A&D at ArtPrize

. May 22, 2012.
ArtBeat

In only its third year, ArtPrize in Grand Rapids has established itself as one of the world’s preeminent art fairs. Not just in Michigan or America — the world. ArtPrize is a radically open art competition, part festival, part social experiment, giving away the world’s largest art prize ($250,000 for first prize, $100,000 for second, $50,000 for third, and seven grand each for fourth through tenth. I’ll do the math:  $449,000 total).  There is no selection, no jury.  Anyone can submit their work. Winners are decided solely by public vote.  It’s no wonder, then, that this year’s ArtPrize includes more than 1,500 artists from 36 countries and 43 states.  In short, be there by closing day, October 9.

Don’t believe me. Richard Florida of the New York Times wrote, “I was kind of blown away by it. You think: why doesn’t this happen in Brooklyn or the San Francisco Bay Area?” Coincidentally, the first year’s winner, Ran Ortner, is from Brooklyn. When he arrived from New York his phone had been shut off because he couldn’t afford to pay his bill. He walked away with a quarter mil — plus two other of his paintings sold and he added on three commissions. Michael Kaiser, President of Washington, D.C.’s Kennedy Center for the Performing Arts, asked, “Who would have guessed that the perfect lesson for coping successfully with a failing economy would come from Grand Rapids?”

Who, indeed? Grand Rapids is referred to even by denizens as Bland Rapids, and has a reputation of being the product of straight-laced, prim-and-proper, Dutch Reformed ennui.  But reputations can be deceiving. Meijer Gardens, the outdoor sculpture park, and the Grand Rapids Museum of Art are world class. The restaurants in the city are excellent.  And wherever you find a repressive veneer, underneath there is wild youth movement.  Not to mention Saugatuck, practically a suburb on the Lake Michigan shore, one of the premier gay-friendly summer vacation spots in the country. But those are facile observations. For whatever reason, Grand Rapids has pulled together from top to bottom to put on a synergistic happening that is even hard for them and the artists and us, the hundreds of thousands of festival visitors, to believe.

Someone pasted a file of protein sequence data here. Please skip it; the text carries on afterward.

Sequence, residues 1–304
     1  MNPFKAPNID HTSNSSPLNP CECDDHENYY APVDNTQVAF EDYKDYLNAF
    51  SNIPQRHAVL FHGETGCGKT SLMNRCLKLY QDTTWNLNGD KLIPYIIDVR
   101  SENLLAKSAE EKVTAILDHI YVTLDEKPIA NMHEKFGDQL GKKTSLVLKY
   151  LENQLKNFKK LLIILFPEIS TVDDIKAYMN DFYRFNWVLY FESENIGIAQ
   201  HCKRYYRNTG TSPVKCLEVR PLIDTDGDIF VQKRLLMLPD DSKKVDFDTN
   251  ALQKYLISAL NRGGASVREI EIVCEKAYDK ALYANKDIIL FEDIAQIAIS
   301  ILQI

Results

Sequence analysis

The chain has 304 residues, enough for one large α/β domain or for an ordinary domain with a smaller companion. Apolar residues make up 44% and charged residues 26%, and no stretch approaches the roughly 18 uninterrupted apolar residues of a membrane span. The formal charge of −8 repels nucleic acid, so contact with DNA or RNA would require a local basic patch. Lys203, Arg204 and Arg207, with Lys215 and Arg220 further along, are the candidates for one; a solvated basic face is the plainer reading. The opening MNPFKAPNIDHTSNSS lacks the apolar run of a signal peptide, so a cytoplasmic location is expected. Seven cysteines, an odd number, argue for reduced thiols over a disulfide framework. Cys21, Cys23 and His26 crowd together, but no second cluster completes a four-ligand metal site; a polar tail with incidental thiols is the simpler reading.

Making it happen

The community is the bottom line. For one, there are the donators. Among the biggies are, no surprise, Amway, Meijer, Herman Miller, Steelcase, four De Vos foundations and – cheers! – Stella Artois.  But there are hundreds of other contributors, including shops and eateries and galleries and media and city government and local
art fans. Most important, though, are the many thousands of local volunteers. They do everything from greeting
and answering questions to opening their homes to the artists during the event. They are the hands-on hosts of the city, and they make everyone feel welcome and delighted to be there.

Shuttles stop at all the principle venues. If you’re just going for the day, park at Meijer Gardens, one of the main venues and just off the highway, and you can tour the amazing park. Then take the shuttle and don’t miss the Grand Rapids Museum of Art and its wonderful permanent collection, another featured venue. If you’re staying overnight, you may or may not find a room in town. But there is plenty of room along the charming Lake Michigan coast because the summer season is over. That’s good news for ArtPrize visitors.  Those of us who swelter in July at the Ann Arbor Art Fair will appreciate the mild October weather. Google: ArtPrize.

Local favs

The University of Michigan School of Art and Design has a prominent contingent at ArtPrize, including 28 faculty and alumni. Among them are the dynamic duo, husband and wife Helen Gotlib and Dylan Stryznski who have been together since they met at A&D.  Helen focuses on figurative and botanical drawing, using live models and delicate dried flowers that she sketches with pen and ink, then fills in with watercolor or gouache. Dylan has been exploring an expanding socio-environmental set of themes that he describes as “paranoid” and “cartoon expressionism.” He uses a variety of media, including roofing tar (gouache on steroids).  Let’s face it, no matter how paranoid you get you can never keep up.  Like most Ann Arbor artists, Gotlib and Stryznski welcome the public to their home studios.  To see hundreds of pieces that could never fit into a regular gallery setting call 734.678.7976 to make an appointment.

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